By Jamie Isbell.

How has projection mapping made such an impact on audiences? And, with increasing numbers of brands adopting the advertising method, is it a bright future for the digital delight? Or an already exhausted gimmick destined for a dusty shelf?

In plumes of digital fabric the angular relics of towns and cities are being mapped, re-faced, distorted and predictably commercialized. It’s architecture for animators. Dress-up for the skyline. But if anything it is pure hedonism for audiences, and nothing but a hit for viral advertisers. The techniques of projection mapping and projector trickery were prominent years ago with artists such as Bill Viola, Jane and Louise Wilson, Tony Oursler and Peter Campus amplifying the style within the gallery space. But it has only been in the last couple of years that fully dimensional projection mapping has transgressed the gallery walls, and utilized the vast surfaces of buildings and cityscapes.

This recent movement in technically-centred pieces that merge the physical with the digital has already established itself as a rapid web success. Not only is it captured from the point of view of the spectator, but it reignites a connection with its audience and elevates the use of animation and motion graphics to a level of much needed sophistication.

By Rube Goldberg

It was a project titled The Battle of Branchage produced by the visual collective Flat-e for the 2009 Branchage Film Festival that was one of the first examples to get the web charged with a desire for the aesthetics of projection mapping. Since then dozens of similar projects by Flat-e and other visual teams have emerged. The projection mapping scene is taking off with velocity, with reactions and viral buzz comparative to the Rube Goldberg aesthetic – a fascinating wonder which has its roots in the seminal 1980s experimental video The Way Things Go (Der Lauf Der Dinge, 1988) by Peter Fischli and David Weiss.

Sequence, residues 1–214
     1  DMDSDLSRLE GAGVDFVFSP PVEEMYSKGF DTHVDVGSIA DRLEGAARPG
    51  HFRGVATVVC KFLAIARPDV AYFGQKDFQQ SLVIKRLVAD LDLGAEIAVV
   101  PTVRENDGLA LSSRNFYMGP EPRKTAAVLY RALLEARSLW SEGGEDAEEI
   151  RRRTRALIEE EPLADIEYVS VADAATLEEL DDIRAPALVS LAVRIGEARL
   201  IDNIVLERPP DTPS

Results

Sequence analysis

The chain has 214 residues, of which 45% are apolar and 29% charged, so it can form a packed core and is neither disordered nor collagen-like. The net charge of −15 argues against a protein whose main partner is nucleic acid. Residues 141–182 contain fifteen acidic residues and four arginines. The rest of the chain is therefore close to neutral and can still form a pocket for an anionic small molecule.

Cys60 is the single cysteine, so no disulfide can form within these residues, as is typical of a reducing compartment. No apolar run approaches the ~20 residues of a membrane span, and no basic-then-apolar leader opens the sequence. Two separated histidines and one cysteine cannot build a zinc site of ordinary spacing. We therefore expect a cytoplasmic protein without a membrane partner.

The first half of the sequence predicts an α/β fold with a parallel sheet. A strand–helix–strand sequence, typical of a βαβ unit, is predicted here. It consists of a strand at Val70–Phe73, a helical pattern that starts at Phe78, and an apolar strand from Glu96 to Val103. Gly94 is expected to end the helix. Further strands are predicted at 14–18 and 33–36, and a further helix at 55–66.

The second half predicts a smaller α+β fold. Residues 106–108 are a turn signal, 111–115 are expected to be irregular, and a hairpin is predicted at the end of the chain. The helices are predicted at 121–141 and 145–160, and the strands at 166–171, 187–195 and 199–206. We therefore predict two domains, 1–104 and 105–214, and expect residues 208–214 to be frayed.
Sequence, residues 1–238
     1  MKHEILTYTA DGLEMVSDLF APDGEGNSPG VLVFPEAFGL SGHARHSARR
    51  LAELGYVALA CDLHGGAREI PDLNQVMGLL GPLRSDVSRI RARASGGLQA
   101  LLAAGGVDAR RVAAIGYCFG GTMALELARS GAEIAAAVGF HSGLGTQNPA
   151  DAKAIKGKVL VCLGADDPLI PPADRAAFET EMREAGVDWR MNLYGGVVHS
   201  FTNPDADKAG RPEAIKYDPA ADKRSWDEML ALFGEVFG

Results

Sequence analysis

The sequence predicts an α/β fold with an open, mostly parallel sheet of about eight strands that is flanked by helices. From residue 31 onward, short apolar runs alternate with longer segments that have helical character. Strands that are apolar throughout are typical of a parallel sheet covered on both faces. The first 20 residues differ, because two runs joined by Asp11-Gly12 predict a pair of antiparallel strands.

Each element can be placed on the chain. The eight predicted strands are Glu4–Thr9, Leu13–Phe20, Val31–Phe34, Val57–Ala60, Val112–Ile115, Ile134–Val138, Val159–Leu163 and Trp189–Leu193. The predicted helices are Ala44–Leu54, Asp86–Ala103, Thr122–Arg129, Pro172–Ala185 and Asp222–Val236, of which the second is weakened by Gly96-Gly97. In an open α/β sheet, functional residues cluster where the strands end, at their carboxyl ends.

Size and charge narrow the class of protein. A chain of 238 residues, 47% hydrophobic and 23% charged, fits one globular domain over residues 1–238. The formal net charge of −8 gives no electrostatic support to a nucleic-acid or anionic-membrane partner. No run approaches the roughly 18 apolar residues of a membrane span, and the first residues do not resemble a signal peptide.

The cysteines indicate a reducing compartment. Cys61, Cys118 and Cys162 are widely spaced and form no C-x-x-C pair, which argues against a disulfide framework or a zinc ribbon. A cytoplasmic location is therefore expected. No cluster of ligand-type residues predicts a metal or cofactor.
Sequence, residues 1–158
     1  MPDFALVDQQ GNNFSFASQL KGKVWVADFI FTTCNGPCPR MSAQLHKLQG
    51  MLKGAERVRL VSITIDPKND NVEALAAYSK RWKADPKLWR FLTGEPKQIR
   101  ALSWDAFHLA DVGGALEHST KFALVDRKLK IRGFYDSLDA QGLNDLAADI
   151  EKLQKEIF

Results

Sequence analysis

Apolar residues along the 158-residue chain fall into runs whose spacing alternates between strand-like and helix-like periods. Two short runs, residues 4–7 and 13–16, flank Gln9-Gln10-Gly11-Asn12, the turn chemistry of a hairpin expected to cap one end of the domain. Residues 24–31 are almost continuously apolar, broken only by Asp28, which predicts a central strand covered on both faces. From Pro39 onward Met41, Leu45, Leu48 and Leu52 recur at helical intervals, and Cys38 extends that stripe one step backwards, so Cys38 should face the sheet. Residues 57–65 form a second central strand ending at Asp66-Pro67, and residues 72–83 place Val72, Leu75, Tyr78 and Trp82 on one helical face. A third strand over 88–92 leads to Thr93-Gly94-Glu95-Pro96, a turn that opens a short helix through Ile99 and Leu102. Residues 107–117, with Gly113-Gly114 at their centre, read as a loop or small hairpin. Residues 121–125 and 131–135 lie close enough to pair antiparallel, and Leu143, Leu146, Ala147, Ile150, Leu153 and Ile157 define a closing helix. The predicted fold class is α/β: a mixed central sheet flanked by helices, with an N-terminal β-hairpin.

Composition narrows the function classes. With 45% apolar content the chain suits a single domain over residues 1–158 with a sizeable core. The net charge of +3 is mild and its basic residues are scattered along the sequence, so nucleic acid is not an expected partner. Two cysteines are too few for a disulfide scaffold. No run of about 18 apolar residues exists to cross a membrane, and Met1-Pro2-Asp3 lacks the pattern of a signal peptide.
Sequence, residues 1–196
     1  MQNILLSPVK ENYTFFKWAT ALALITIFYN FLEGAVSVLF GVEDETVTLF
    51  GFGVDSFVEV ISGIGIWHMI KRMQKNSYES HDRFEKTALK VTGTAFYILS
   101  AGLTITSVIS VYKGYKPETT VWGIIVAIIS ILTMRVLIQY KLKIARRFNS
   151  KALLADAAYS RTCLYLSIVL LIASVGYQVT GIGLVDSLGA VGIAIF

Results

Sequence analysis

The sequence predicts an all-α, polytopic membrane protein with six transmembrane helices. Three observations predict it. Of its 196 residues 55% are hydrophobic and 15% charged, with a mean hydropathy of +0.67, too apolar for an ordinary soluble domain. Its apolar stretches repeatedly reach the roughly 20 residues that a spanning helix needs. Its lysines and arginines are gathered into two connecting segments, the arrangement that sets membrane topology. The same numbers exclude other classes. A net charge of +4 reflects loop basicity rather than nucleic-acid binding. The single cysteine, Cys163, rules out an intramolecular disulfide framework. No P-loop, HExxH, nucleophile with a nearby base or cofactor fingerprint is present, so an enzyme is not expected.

Over the last couple of decades the rusty, oil-stained template of their thirty-minute experiment has been transferred to commercials and music videos, the two most successful examples being Honda’s ‘Cog’ advert, and OK Go’s music video for ‘This Too Shall Pass’, along with numerous low-budget attempts to replicate the kinetic style. This experiment with household objects was a formula that proved a chain reaction visual could trigger a chain reaction viral.

Swap the teetering mechanisms of a one-shot wonder, for the underground city scene of street art and territorial tagging, and you arrive at something not only more seductive than on-screen trickery, but something more personal beyond the frame. The projection mapping scene has turned up just in time, and the inclusion of famous and distinguishable building facades mixed with powerful visuals works perfectly at reviving the importance of the spectator.